NHS finances: the reasoning behind the reset

24 Aug 16

NHS trusts need to reset their financial performance to tackle deficits, and NHS Improvement and others are working with them to achieve this

Completing records in an accident and emergency unit: trusts’ Sustainability and Transformation Fund allocations partly depends on progress on waiting times. Photo: Alamy

Completing records in an accident and emergency unit: trusts’ Sustainability and Transformation Fund allocations partly depends on progress on waiting times. Photo: Alamy

 

Last year, NHS trusts and foundation trusts reported an aggregate deficit of £2.45bn with an underlying figure of about £3bn. That is why national bodies such as NHS Improvement, working with partners, are taking action to ‘reset’ financial performance in 2016-17 so that patients continue to receive high- quality, sustainable care.

The last Spending Review in November included a £5.4bn cash settlement for the NHS in 2016-17, rising to £8.4bn by 2020-21. This included a £1.8bn Sustainability and Transformation Fund, released to trusts depending on their progress on financial performance, access standards (such as waiting times) and service transformation. Trusts’ financial plans, which take this fund into account, will result in an aggregate deficit of £580m in 2016-17.

NHS Improvement has an important role in helping trusts to stabilise and improve their finances, and assisting the whole sector to return to financial balance. We will also help trusts to improve service quality and provide the standard of care patients expect. So we are working with them to ensure each one achieves control total – the minimum financial position NHS Improvement expects trusts to reach in 2016-17, taking into account their previous financial positions and opportunities for improving efficiency.

Already, we have seen trusts, including financial and clinical staff, step up efforts to improve their financial position and care quality. Most trusts have agreed their control totals; we will hold their boards to account for achieving them, as well as provide support. However, some that have accepted their control totals are off plan and forecasting large deficits. Others have still to accept their control total, and some have rejected them and are planning a deficit for 2016-17.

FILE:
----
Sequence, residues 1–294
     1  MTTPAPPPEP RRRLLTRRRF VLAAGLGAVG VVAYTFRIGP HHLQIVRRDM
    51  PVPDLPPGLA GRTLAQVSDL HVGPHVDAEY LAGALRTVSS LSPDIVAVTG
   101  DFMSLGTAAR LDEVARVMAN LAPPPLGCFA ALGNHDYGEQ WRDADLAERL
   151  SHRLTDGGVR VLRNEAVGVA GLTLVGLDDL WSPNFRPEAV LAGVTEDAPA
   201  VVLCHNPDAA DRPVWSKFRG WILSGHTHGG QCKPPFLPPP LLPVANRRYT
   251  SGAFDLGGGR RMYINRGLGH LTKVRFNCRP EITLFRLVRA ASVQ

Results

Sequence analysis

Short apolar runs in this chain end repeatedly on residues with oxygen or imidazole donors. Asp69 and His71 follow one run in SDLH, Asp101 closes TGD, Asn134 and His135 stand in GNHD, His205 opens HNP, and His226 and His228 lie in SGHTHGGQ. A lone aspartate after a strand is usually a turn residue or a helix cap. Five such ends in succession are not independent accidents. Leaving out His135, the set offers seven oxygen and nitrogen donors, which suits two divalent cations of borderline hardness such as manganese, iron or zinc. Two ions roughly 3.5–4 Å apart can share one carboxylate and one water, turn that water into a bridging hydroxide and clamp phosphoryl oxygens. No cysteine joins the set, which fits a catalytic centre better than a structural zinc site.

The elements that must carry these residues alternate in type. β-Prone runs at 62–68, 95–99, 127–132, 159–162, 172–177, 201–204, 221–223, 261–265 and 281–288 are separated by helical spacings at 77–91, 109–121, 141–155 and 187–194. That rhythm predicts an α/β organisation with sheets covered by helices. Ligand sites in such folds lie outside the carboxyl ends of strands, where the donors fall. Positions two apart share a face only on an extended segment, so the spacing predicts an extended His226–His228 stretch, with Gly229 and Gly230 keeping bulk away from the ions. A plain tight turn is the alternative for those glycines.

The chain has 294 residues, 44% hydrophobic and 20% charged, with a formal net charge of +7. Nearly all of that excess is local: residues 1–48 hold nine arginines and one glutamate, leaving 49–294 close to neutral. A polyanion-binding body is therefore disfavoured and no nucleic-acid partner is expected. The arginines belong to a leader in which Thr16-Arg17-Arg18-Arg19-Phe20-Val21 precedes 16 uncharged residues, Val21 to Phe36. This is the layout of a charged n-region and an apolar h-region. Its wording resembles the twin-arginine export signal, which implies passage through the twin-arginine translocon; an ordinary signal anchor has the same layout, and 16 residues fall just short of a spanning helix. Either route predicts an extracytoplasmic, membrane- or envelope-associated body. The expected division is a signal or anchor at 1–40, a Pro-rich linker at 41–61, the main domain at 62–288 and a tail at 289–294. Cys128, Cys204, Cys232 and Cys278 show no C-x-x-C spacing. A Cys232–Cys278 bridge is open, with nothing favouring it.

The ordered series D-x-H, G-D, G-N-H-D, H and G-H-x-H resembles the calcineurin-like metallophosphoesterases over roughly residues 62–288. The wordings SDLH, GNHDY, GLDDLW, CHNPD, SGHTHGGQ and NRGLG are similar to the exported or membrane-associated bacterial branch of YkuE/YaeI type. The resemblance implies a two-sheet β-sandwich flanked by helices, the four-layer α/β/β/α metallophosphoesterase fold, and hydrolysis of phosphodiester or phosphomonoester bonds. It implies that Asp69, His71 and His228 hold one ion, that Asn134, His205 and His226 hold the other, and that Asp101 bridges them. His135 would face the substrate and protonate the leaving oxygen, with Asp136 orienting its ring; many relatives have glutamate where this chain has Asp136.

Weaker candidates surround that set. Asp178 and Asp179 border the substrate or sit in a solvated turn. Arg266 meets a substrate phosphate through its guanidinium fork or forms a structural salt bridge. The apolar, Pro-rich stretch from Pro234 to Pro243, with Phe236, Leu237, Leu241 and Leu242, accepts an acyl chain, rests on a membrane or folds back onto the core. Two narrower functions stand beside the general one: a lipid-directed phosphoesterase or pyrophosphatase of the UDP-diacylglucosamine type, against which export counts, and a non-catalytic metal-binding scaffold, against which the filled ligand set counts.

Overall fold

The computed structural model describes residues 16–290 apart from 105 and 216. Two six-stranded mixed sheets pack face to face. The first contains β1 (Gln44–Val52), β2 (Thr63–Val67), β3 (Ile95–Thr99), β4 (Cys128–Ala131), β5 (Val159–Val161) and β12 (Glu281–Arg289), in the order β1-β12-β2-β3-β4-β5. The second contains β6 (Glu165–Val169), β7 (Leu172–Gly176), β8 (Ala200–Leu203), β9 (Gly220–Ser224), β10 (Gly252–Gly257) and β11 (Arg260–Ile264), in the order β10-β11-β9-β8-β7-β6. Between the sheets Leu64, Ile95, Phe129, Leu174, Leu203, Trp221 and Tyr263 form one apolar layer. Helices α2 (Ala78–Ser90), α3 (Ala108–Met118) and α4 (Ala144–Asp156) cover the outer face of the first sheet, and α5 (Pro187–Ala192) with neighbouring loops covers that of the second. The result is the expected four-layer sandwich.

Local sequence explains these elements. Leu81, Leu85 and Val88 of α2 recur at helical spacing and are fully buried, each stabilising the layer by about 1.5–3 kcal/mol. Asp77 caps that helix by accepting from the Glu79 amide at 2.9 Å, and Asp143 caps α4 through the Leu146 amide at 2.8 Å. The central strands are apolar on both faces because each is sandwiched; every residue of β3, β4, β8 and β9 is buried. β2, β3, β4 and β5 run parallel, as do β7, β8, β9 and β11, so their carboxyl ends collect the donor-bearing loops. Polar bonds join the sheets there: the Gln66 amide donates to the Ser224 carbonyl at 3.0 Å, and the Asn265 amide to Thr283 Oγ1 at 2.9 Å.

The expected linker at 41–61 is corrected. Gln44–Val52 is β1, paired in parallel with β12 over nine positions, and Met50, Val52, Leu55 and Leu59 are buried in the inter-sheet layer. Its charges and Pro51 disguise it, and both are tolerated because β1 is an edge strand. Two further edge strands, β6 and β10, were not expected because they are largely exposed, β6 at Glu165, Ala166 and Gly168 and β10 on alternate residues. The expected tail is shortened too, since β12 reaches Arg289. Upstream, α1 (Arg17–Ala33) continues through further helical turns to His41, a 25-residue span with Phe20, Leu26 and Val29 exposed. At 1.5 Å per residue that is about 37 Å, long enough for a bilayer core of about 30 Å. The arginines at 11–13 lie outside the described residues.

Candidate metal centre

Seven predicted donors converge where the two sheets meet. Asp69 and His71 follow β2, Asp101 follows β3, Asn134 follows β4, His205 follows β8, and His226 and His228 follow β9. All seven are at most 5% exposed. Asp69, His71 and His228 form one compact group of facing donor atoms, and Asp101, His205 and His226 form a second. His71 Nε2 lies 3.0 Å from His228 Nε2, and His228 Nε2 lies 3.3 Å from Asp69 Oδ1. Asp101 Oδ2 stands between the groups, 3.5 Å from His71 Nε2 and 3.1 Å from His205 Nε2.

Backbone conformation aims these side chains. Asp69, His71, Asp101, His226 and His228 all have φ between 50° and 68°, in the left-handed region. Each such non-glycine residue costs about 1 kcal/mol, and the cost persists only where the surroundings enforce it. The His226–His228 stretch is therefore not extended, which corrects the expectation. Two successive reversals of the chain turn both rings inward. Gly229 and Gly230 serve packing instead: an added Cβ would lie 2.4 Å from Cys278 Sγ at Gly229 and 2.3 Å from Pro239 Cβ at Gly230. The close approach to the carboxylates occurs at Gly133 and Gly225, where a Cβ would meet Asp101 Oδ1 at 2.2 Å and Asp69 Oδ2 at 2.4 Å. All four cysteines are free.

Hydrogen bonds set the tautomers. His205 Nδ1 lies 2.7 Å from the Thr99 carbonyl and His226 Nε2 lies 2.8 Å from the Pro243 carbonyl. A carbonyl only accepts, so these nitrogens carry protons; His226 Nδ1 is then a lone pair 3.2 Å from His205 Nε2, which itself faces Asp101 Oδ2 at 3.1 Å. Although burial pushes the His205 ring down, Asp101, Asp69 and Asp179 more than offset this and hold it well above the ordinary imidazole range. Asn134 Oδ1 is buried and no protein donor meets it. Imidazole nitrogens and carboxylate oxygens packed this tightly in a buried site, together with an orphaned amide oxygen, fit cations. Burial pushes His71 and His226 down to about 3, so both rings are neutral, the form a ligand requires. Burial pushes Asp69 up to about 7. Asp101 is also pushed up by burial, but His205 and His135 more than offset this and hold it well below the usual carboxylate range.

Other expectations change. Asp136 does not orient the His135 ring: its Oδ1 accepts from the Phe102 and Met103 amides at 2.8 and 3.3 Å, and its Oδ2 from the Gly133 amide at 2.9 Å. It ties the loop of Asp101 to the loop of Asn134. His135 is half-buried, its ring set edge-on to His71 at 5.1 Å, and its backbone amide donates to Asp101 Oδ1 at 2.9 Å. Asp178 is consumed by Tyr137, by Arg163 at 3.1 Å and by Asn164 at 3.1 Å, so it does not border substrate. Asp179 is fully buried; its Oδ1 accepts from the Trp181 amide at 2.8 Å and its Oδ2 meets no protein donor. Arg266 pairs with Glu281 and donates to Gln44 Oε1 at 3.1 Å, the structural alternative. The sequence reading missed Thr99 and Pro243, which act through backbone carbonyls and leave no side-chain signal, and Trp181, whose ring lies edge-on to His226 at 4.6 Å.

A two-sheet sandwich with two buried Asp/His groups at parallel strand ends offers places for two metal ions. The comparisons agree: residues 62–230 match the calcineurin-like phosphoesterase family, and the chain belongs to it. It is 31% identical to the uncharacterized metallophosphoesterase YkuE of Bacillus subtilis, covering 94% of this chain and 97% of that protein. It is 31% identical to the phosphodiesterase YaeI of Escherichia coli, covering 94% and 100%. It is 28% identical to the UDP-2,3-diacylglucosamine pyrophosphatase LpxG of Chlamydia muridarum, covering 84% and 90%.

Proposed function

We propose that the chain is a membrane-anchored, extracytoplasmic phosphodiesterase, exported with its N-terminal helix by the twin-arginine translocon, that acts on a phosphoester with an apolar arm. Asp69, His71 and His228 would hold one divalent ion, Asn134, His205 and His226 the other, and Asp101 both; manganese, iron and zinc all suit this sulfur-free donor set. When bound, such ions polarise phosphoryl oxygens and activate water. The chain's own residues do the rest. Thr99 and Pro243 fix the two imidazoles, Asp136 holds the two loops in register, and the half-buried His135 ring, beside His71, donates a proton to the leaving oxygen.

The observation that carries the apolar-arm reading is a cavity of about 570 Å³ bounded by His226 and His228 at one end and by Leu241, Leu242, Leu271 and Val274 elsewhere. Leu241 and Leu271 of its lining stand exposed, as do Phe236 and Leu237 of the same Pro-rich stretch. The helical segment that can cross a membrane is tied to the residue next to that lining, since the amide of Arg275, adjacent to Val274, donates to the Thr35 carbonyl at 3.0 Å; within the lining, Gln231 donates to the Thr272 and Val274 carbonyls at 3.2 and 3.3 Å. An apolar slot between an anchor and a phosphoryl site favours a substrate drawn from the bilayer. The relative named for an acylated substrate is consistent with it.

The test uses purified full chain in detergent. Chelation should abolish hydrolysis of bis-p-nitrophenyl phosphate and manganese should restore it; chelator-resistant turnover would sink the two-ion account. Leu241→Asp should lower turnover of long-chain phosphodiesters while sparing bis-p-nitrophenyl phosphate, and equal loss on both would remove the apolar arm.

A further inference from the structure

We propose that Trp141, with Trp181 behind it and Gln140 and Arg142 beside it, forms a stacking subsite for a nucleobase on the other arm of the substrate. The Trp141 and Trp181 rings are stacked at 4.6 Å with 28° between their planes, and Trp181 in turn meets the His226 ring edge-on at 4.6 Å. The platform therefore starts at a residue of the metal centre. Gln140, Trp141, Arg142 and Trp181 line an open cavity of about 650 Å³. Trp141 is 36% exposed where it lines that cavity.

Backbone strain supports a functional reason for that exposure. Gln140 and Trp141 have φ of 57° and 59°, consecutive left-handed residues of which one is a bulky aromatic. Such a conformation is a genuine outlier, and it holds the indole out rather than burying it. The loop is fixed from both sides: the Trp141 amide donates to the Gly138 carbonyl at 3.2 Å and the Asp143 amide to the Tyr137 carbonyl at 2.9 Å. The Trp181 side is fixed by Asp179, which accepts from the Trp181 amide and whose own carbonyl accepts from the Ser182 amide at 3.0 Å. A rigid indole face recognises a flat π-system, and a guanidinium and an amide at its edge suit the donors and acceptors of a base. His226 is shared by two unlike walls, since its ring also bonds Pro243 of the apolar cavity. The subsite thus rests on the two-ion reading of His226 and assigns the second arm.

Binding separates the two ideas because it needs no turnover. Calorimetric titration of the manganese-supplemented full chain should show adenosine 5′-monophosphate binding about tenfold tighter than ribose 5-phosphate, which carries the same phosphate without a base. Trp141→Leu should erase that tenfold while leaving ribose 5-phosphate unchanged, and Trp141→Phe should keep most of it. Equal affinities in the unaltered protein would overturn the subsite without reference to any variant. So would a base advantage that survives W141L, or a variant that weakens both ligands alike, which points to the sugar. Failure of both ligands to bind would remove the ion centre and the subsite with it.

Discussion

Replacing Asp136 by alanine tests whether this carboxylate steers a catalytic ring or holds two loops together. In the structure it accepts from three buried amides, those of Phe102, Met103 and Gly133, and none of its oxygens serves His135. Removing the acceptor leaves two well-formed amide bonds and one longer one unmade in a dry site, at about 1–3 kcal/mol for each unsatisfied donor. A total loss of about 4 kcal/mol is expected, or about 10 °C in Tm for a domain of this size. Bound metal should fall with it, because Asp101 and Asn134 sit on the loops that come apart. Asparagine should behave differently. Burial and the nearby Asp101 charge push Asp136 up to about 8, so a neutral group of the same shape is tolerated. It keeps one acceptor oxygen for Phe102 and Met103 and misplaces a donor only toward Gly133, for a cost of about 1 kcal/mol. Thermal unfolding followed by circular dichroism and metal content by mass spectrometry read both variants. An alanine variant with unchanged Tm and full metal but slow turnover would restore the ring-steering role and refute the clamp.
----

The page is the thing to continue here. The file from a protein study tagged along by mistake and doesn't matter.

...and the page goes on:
NHS Improvement, working with NHS England, introduced financial special measures as one of a range of actions that reset expectations of the NHS on financial discipline and performance and sped up recovery. We expect trusts in financial special measures to rapidly produce a robust financial recovery plan, strengthen their financial control and demonstrate significant wins. These trusts are subject to additional oversight from NHS Improvement, such as needing our approval for key spending decisions.

Meanwhile, the NHS must also maintain and, where possible, improve care quality as well as operational performance. NHS Improvement is working with the Care Quality Commission to develop a combined assessment of quality and use of resources; to be deemed successful, trusts must deliver fully on both.

On top of these, we have asked trusts to tackle excessive pay bill growth, implement Lord Carter’s recommendations on improving productivity by consolidating back office functions and pathology services, and identify new ways of providing services that trusts know are financially unsustainable.

If trusts – with our support – rise to these challenges, we believe they can achieve our aim of reducing their combined deficit to around £250m in 2016-17.

In addition, we are making the planning process more supportive in the longer term. Sustainability and transformation plans, now being developed, will bring together commissioners, providers, councils and others to address communities’ health and care needs. Working with national partners, our aim is to provide certainty and stability for a two-year planning and contracting cycle, through early – and where appropriate, joint – publication of guidance. The action we are taking will stabilise providers’ finances in 2016-17 and set trusts on course for success in making longer-term improvements in health, care and financial sustainability.

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